The Native Inhabitants: the Bedouins
Bedouin society, based on tribal bonds and fierce loyalty to family, is now subject to profound and radical changes that will most likely result in a progressive loss of identity. With their traditional grazing and camping grounds now being developed, and the lure of tourism dollars too great to withstand, many are giving up the old more difficult life of shepherding in favor of new careers as taxi drivers, tour guides, and even hotel owners.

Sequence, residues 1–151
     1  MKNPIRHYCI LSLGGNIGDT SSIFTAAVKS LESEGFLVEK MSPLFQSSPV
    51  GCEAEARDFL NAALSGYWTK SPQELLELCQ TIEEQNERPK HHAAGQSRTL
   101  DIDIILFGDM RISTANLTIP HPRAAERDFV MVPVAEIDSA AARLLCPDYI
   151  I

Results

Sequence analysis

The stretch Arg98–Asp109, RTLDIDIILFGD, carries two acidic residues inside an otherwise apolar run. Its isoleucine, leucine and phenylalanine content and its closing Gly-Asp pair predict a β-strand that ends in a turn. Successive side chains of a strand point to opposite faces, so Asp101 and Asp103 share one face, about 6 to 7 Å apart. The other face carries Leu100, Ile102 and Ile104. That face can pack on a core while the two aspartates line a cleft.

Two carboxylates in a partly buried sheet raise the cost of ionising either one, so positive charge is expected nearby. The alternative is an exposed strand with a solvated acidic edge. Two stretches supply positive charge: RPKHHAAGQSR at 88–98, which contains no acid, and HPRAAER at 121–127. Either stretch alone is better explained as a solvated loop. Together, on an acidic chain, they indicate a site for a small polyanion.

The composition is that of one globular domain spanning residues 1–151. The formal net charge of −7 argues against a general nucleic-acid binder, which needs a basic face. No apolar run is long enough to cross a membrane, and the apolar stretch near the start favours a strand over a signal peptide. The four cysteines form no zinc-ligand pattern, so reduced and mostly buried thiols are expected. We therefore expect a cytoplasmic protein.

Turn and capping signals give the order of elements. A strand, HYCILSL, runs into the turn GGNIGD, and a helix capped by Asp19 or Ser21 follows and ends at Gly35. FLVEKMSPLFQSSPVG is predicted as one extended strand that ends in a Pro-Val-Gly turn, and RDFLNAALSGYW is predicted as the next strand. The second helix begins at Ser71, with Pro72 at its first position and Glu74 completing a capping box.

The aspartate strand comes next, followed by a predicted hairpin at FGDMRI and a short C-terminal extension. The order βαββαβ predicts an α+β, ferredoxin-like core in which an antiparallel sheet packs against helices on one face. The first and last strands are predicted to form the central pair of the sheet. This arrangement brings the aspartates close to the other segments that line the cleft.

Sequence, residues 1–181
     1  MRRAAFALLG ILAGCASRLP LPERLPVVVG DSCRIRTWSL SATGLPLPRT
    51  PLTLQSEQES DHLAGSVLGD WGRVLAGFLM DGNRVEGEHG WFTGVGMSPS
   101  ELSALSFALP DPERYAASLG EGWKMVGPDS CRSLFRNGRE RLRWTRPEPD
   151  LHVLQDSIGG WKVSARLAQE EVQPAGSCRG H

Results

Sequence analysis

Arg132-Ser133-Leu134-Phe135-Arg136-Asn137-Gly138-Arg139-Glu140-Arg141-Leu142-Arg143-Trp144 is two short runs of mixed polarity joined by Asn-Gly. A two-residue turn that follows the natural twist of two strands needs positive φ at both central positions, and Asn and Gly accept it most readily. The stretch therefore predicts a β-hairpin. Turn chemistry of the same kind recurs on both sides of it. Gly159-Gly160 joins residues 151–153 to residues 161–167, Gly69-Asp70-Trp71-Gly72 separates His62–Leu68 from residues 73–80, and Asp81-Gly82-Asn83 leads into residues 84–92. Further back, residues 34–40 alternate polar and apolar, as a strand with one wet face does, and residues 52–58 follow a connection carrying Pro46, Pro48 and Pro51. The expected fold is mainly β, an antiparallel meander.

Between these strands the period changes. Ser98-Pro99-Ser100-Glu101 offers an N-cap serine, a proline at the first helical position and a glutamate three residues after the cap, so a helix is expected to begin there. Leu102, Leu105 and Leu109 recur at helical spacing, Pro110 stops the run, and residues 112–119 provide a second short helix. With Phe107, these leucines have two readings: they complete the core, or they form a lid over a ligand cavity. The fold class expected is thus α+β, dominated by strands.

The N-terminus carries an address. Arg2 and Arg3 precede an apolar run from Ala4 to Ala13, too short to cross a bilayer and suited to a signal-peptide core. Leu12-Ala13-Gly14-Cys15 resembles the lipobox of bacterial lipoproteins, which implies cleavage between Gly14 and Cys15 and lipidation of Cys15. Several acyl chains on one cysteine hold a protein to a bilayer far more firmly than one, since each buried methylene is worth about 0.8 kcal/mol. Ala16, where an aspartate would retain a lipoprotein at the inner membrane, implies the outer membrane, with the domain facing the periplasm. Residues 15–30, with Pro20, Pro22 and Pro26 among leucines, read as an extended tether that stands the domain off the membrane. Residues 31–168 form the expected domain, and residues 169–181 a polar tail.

The classic tents, a symbol of the nomadic way of life, are becoming increasingly rare, replaced by shacks made of sheet metal, cardboard and bits of wood. As the Bedouins succumb to these modern changes, the rarity of their once flourishing lifestyle and traditions has transformed them into a Sinai novelty and tourist attraction.
They have watched Sinai’s history unfold before them, enduring conquests and wars, living under an array of despots, kings and Caliphs, sadly, it is the modern incursions of development and tourism that most dangerously threaten the Bedouin’s existence.